A Very Wet Year, and Chances for a White Christmas

by Tom Ross

In hopes for a white Christmas, let’s take a look at the historical record. These snowfall numbers/percentages are based on the records taken at the Asheville Airport, and the early years of the record are based on the data from the old Asheville city office, which was in the Grove Arcade building. So the probabilities for the rural Fairview area may be a couple of percentage points higher, but generally it will be very close.

The percentage chance of seeing at least a trace or a few flakes of snow on Christmas day is about 26 percent. This is based on the daily snowfall records that go back continuously from 1888 through 2016. There has been at least a trace of snow reported on 34 separate occasions on Christmas day. The largest snowfall on Christmas day actually happened in 2010. In that year, between 8 to 10 inches of snow fell, making it the snowiest Christmas on record since reliable daily snowfall records began. The probability of getting accumulating snow – let’s say a third of an inch or more – isn’t that high, only about 7 percent. This happened on only nine out of 126 occasions on Christmas day since 1888.

A Wet Year

In terms of precipitation, for a good part of the year we’ve had an active pattern bringing plenty of moisture our way. In the Fairview area, most places have received over 60 inches of precipitation this year, and the wettest locations closest to the escarpment in the eastern part of the county were approaching 70 inches as of mid-November. If you think it’s been cloudy and wet recently, you’re right! The wettest year I have experienced was back in 1997, with 75 inches of precipitation, and we’re within striking distance of breaking that record if the year remains wet.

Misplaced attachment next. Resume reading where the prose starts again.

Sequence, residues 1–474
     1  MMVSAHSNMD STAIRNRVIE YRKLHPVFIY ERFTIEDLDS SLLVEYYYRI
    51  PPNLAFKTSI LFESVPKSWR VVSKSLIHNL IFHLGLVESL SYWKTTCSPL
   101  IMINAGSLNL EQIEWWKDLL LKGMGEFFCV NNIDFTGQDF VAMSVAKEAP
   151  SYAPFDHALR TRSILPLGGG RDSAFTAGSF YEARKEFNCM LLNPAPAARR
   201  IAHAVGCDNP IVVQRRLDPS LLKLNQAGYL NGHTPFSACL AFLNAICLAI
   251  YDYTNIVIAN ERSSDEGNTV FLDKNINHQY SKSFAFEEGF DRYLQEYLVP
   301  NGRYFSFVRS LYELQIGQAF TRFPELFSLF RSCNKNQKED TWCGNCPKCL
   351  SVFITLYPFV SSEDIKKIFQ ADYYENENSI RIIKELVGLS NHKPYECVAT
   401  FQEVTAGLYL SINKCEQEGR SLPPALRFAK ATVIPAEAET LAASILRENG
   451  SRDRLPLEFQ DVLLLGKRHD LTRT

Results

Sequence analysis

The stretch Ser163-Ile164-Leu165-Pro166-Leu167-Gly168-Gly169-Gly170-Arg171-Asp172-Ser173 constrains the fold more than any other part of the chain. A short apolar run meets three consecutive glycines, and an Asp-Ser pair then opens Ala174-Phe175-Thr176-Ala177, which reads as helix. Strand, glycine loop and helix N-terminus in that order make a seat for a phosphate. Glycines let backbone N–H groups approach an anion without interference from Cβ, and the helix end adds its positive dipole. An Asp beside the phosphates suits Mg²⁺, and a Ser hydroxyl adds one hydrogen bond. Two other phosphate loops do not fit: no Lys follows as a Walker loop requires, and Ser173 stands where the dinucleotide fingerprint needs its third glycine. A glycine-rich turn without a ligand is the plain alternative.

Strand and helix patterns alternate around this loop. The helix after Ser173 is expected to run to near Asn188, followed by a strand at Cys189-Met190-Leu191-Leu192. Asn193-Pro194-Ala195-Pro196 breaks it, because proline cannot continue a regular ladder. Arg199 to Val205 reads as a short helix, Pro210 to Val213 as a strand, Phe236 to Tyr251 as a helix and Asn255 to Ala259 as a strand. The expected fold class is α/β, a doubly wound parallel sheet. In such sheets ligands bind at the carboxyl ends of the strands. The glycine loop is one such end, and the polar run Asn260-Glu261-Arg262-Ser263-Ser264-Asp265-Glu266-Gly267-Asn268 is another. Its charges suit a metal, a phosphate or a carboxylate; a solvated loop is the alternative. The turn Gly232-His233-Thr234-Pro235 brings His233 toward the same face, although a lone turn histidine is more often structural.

The old adage of “as the days grow shorter, the days get colder” has a bit of truth for December. In terms of averages, temperatures continue to drop as we head through the month, with average highs about 53 at the start of December, dropping to 47 by month’s end. The lows drop from 32 at the beginning of the month to 27 by the end of December. The warmest day on record was 81 on December 31, 1951; the coldest was a numbing -7 on the Christmas Day in 1983. The average precipitation for the Fairview area is around four inches in December, with the average snowfall for the month close to two inches.   

Next month’s article will talk about Cold Air Damming (CAD) and its role in our weather.

Meteorologist Tom Ross managed the Climate Database Modernization Program at the National Climatic Data Center.

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